TL: Social media is a very public channel, and anything you post can go viral in an instant. It’s important to find people who have good common sense, can work well under pressure, and have genuine care for the customer. These people need to be blessed not only by your support department, but trusted by your PR department. Achieving buy-in from PR may be difficult, so include them in the screening process and show them how you plan to select your social support representatives. Interviewing for customer focus is critical, since it’s easier to train someone on technical support than customer service. Also, give your candidates an assessment by having them craft responses to some of the most complex inquiries that you may receive. This will help you identify characteristics such as customer focus, demeanor, technical knowledge, as well as identify any red flags, such as agents who made inaccurate assumptions.
Social media is a very public channel, and anything you post can go viral in an instant. It’s important to find people who have good common sense, can work well under pressure, and have genuine care for the customer.
JR: You once showed some very profanity-laced Tweets that your team had to respond to. Do you find customers are surprised to hear from the corporate support team after sending a flaming Tweet? How do you talk them off the ledge?
TL: Customers are definitely surprised when their harsh social media posts are responded to. What surprises them even more (and starts to restore that relationship) is when you are able to convey to the customer that you’re listening to them and that you’ll do everything in your power to make it right. You do this by putting yourself in your customers shoes. More often than not, we hear organizations talk about the power of empathy. Having real genuine empathy for customers not only empowers your agents and gives them a greater view of their customer impact, but it also restores customer confidence.
Utilizing these videos in social media is a great way to deliver content to customers to give them the answer while reducing both agent and customer effort.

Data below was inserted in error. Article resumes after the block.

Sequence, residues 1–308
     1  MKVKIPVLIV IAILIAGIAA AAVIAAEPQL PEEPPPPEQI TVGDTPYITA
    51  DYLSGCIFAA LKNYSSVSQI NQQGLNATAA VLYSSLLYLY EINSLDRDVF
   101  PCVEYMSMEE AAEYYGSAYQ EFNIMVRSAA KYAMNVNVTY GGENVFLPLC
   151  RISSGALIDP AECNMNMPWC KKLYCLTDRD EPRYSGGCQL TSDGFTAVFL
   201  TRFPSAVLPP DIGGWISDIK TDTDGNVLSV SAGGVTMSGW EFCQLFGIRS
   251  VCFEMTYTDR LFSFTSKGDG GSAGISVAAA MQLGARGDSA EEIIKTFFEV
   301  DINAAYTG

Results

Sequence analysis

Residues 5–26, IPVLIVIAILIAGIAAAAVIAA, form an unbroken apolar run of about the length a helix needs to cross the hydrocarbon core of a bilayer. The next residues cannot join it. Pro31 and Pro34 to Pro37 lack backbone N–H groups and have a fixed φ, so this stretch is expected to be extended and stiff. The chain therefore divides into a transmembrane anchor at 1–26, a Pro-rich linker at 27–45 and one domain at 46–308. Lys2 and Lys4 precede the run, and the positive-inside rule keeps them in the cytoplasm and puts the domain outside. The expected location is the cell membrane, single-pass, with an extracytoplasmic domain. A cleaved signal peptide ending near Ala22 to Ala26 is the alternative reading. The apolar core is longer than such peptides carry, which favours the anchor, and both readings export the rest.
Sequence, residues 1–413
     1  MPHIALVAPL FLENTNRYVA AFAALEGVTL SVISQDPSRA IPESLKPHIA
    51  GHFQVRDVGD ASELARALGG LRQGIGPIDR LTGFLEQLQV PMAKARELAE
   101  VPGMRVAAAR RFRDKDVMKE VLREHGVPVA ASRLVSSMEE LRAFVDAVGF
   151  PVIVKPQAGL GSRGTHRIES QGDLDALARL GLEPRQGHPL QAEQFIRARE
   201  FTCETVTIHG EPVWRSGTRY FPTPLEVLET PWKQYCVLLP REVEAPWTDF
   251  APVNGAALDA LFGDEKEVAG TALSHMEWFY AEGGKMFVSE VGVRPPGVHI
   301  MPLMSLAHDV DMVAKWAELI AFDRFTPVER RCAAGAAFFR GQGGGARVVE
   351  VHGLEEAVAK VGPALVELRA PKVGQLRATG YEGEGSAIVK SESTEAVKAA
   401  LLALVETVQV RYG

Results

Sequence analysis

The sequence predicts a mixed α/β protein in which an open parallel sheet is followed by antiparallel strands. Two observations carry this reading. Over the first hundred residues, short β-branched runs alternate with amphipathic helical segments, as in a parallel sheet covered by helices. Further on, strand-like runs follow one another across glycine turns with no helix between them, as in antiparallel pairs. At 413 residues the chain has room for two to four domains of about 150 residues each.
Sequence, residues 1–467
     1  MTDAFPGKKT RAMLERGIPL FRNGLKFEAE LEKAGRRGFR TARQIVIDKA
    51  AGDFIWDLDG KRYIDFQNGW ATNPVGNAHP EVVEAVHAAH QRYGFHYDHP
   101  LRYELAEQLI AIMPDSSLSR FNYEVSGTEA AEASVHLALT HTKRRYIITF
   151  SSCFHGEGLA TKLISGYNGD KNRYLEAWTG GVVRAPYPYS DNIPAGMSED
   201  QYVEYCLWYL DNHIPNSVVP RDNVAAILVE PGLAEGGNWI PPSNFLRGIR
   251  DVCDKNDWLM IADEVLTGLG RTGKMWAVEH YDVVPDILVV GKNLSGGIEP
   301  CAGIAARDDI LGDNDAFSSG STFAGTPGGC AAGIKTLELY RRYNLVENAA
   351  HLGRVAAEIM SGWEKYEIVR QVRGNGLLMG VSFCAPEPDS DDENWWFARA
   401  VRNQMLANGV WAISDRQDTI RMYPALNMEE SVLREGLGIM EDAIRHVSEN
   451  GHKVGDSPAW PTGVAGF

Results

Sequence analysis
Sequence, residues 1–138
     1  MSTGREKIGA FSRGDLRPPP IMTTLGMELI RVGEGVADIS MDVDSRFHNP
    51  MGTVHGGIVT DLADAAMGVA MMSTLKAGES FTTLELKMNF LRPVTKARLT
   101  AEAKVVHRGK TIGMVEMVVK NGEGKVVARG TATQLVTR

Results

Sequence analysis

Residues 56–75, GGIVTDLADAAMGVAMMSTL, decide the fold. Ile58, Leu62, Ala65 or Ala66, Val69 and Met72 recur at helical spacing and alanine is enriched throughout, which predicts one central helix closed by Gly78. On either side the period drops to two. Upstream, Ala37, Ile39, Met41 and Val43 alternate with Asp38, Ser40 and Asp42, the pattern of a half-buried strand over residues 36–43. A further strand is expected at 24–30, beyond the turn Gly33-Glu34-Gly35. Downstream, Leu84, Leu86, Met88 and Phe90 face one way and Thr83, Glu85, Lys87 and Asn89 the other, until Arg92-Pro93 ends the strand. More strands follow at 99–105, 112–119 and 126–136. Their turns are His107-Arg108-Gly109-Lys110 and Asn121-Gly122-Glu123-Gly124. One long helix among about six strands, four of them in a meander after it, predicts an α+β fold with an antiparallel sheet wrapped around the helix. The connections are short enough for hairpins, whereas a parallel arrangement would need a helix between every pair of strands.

JR: Currently, 41% of members are doing some level of support via Twitter, and 42% are offering a dedicated YouTube channel for how to and troubleshooting videos. How important do you think it is to have a presence on YouTube?
TL: Because social media posts (especially posts on Twitter) are usually brief, they don’t get optimized well for SEO (search engine optimization). Supplementing with YouTube content is extremely valuable because not only are you putting out content to help drive down contact for top drivers, but you’re also putting out easy-to-consume information that is typically optimized for SEO. Utilizing these videos in social media is a great way to deliver content to customers to give them the answer while reducing both agent and customer effort.
JR: While actual social media support may still be new for some companies, over half of members, 59%, are monitoring social channels to understand what customers are saying about products and processes. What would you say to other 41%?
TL: Just because you don’t hear the conversation doesn’t mean it’s not taking place. Perform a search on Twitter or Facebook for your brand name and see what results you have. Can’t find anything negative? Throw in the words “problem” or “issue”. Ignoring these customers can be very damaging, and we shouldn’t be comfortable missing out on the opportunity to drive change through positive engagement. I mentioned earlier that if you don’t reach out to them, someone else may. It could end up being a competitor that reaches out to your customer before you do and convinces them to switch over.
JR: Now that you are on board at TSIA, I know a lot of members will be wanting to speak with you about starting a Social Media Support team. What advice can you give companies starting to respond via Twitter for the first time?
TL: Respond quickly and effectively. Keep the conversation on channel (don’t have them call or email you). Most importantly, keep the customer your primary focus.
JR: Tim, it has been a pleasure chatting with you, and I know TSIA members will be excited to have you as a resource. Once you are settled, can we expect some new research reports on social best practices?
TL: I look forward to putting my experience to work to help TSIA members with social media support, so yes, you can definitely expect some new content around social support in the next few months, and I’ll be presenting on the topic at TSW Las Vegas in October. I look forward to seeing and engaging with members in person, and in the meantime, if you have questions, submit an inquiry and I’ll do my best to help.
Post Date: July 12, 2018
John Ragsdale is a distinguished researcher and the vice president of technology ecosystems for TSIA. His area of expertise is in creating strategies for improving the service operations and overall customer experience by leveraging innovative technology. John works closely with TSIA’s partner ecosystem, identifying leading and emerging technology vendors whose products help solve the key business challenges faced by TSIA members. He is also author of the book, Lessons Unlearned, which chronicles his 25-year career inside the customer service industry.